EMR implementation success depends on solid preparation.
Most of us will make this transition without blood, sweat, and tears, but others may have horror stories to tell about the experience. The goal of this article is to help you take an organized approach to implementing an EMR into your practice. For expert guidance, I've interviewed Jeffery Daigrepont, a consultant with the Coker Group in Alpharetta, GA, and a leading authority on EMR.
Homework before going live
The most successful implementation occurs when the practice allows plenty of time to use the program before going live, Daigrepont points out. Every one of the practices where he has served as a consultant agrees that rushing the implementation was a major mistake and that more time should be relegated to training staff and learning the program before going live.
Next, Daigrepont suggests allowing the staff and physicians to voice their concerns and fears about the implementation process. For example, your office staff may worry about losing their jobs and the doctors may be concerned about a decrease in productivity during the early implementation process. You can allay such apprehension by reassuring the staff of job security and allowing the physicians ample time to become accustomed to the process.
During the first few days with an EMR in my practice, for example, I used the program only twice: with the last patient in the morning and with the last patient in the afternoon. Each of the first two patients required nearly 1 hour to complete the EMR. I told the patients that this was a new program, that they were first to experience the new technology, and that the visit would be a little longer than usual. Most of the patients were very understanding and accepted the delay in their office visit.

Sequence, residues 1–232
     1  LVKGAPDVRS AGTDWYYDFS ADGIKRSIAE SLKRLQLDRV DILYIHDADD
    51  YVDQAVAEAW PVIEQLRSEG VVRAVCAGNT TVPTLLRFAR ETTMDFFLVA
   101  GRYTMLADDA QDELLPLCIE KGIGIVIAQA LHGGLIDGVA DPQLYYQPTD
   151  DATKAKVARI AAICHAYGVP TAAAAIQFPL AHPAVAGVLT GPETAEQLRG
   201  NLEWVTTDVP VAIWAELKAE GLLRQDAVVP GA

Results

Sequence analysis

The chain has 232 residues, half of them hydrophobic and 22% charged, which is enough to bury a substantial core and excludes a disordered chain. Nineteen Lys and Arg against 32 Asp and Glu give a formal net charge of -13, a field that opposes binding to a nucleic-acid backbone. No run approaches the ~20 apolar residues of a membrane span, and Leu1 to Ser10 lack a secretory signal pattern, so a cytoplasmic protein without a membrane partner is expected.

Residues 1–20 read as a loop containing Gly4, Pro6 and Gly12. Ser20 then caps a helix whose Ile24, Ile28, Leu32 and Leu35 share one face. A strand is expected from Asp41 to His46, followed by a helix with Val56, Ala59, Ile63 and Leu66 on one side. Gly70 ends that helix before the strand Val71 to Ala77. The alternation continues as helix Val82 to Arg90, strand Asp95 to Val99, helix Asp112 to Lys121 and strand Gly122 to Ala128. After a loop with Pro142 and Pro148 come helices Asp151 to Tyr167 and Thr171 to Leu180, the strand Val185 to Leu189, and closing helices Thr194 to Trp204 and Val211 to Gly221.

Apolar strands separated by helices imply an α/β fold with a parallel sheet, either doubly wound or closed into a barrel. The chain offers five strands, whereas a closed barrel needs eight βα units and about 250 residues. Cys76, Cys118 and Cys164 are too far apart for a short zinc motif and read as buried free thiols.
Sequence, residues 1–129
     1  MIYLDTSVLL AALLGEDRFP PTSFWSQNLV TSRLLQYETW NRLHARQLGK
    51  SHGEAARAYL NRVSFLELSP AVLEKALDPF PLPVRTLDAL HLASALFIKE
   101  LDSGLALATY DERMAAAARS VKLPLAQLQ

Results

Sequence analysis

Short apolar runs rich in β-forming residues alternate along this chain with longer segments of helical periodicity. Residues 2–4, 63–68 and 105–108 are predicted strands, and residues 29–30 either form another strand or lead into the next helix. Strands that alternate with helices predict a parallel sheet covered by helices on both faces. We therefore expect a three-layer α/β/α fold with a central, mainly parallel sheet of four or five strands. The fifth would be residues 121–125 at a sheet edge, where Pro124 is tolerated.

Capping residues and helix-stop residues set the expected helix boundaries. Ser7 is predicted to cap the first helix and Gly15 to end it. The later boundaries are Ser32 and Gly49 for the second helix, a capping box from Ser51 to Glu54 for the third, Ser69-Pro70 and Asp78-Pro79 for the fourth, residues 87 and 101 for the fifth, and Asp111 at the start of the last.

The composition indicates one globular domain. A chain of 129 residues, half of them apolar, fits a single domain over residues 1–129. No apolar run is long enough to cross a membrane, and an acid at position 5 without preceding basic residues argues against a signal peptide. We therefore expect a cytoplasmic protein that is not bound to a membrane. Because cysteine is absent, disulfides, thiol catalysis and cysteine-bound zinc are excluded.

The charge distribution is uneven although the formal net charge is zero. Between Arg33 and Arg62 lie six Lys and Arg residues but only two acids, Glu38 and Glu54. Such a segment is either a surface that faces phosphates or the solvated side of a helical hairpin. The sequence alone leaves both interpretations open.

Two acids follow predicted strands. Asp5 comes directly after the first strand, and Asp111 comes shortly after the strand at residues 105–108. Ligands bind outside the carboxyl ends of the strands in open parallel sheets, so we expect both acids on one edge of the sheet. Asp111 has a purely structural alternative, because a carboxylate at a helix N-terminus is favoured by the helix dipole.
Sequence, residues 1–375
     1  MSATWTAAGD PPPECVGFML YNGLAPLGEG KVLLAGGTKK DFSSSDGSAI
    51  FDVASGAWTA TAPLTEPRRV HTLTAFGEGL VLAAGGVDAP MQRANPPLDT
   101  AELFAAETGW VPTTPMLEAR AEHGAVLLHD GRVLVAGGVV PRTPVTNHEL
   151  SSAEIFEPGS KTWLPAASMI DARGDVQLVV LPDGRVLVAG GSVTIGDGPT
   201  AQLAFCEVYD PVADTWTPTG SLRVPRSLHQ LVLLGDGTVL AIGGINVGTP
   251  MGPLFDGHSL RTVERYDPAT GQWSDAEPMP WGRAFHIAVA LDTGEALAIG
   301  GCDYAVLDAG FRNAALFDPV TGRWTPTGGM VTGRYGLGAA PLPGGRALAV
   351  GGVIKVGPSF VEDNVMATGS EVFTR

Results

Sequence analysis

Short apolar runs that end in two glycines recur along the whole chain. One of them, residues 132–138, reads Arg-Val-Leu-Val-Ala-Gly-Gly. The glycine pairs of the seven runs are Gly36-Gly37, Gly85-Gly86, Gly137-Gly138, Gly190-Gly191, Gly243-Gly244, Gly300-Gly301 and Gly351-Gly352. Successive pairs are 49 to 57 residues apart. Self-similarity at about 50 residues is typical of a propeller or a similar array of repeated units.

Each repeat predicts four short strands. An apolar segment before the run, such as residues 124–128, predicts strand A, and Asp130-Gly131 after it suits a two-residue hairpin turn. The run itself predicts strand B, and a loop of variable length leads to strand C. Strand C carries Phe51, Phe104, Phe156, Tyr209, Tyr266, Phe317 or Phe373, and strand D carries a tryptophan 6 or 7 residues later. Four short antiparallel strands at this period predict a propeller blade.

When I grew more comfortable with the program, I used it for every third patient, then every other patient, and, finally, for all patients. During times when I have a problem with the EMR or am delayed, I will temporarily return to paper and then complete the EMR at the end of the day.
Another suggestion for encouraging physicians to get into the comfort zone with the EMR is to begin with tasks that don't require significant changes in the process to which you are most accustomed. For example, doctors who use e-mail should quickly get the hang of the EMR messaging system. From there, they can move to automating incoming faxes, then to prescription writing and reviewing lab reports, and only then to the more complex point-of-care documentation when they are eyeball to eyeball with patients. These simple tasks build confidence among the physicians and allow them to become familiar with the EMR without significantly impacting their productivity.
Request feedback, opinions
Conduct regular meetings with physicians, the office manager, and any members of the staff who are part of the implementation process, Daigrepont recommends. It is important to allow the staff to vent their frustrations, provide suggestions, and let the group know about deficiencies that need to be communicated to your vendor or and/or its technical support staff.
Caveats on contracts
Ask the vendor for a locked-in fee for your annual service contract. Agree to a limited percentage that fees may increase (eg, 1% less than the consumer price index) within 1 year. If additional training is necessary, agree on the availability and cost of additional training.